The first tsunami waves have reached the U.S. West Coast after sweeping past the country's Pacific island state of Hawaii. There have been no immediate reports of casualties in the U.S.
Waves of a meter or more hit the coastal state of Oregon on the U.S. mainland Friday. Residents in Oregon and northern California have been advised to evacuate low-lying areas. Emergency officials warned of possible flooding spawned by the tsunami, which developed after the 8.9 magnitude earthquake struck off the coast of Japan.
Waves of up to two meters hit the Hawaiian chain of islands, swamping the beach at the Waikiki resort on the island of Oahu. But there were no immediate reports of widespread damage.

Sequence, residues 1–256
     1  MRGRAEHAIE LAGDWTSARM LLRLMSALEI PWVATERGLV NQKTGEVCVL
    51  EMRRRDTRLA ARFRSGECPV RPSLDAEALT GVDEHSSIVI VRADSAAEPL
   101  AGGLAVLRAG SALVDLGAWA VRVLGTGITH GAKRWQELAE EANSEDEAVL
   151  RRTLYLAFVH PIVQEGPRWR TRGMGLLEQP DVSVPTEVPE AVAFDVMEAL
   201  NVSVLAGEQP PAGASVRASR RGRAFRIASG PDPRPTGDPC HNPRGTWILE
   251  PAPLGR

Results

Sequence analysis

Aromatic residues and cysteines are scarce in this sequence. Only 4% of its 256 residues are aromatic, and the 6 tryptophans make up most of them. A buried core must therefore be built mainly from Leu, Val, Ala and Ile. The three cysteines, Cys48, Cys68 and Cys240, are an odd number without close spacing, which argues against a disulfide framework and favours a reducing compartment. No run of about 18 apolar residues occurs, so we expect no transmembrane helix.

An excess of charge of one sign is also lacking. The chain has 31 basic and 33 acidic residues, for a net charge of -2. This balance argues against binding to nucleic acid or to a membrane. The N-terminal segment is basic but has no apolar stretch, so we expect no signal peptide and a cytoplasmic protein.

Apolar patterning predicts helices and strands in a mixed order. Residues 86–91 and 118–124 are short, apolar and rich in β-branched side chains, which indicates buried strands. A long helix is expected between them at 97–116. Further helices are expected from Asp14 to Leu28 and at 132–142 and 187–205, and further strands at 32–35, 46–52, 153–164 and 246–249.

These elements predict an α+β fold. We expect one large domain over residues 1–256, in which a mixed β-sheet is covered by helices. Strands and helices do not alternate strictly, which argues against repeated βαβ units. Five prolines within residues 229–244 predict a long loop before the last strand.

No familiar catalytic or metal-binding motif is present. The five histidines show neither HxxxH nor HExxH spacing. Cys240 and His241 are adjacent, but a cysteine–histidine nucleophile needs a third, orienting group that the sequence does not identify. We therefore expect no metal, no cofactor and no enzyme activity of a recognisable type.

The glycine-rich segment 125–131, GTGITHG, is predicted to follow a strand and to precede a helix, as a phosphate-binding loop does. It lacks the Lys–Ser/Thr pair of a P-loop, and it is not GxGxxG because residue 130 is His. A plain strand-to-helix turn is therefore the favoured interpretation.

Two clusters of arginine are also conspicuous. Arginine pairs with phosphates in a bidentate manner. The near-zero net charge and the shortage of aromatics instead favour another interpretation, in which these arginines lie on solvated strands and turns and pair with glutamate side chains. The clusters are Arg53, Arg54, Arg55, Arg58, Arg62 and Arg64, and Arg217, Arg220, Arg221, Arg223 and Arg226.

In Washington, White House Chief of Staff Bill Daley said there did not appear to be "any enormous impact" from the tsunami in Hawaii. He said the "enormous fears" about damage on the island state had "diminished greatly."
Emergency officials in Hawaii had hours to prepare after the quake struck. Residents in low-lying coastal areas were moved to community centers and schools on higher grounds. Many people waited in long lines to buy gas and groceries.
In a statement, President Barack Obama expressed condolences to the people of Japan and also said he has directed the Federal Emergency Management Agency to be prepared to assist residents of Hawaii, U.S. Pacific territories and the U.S. West Coast.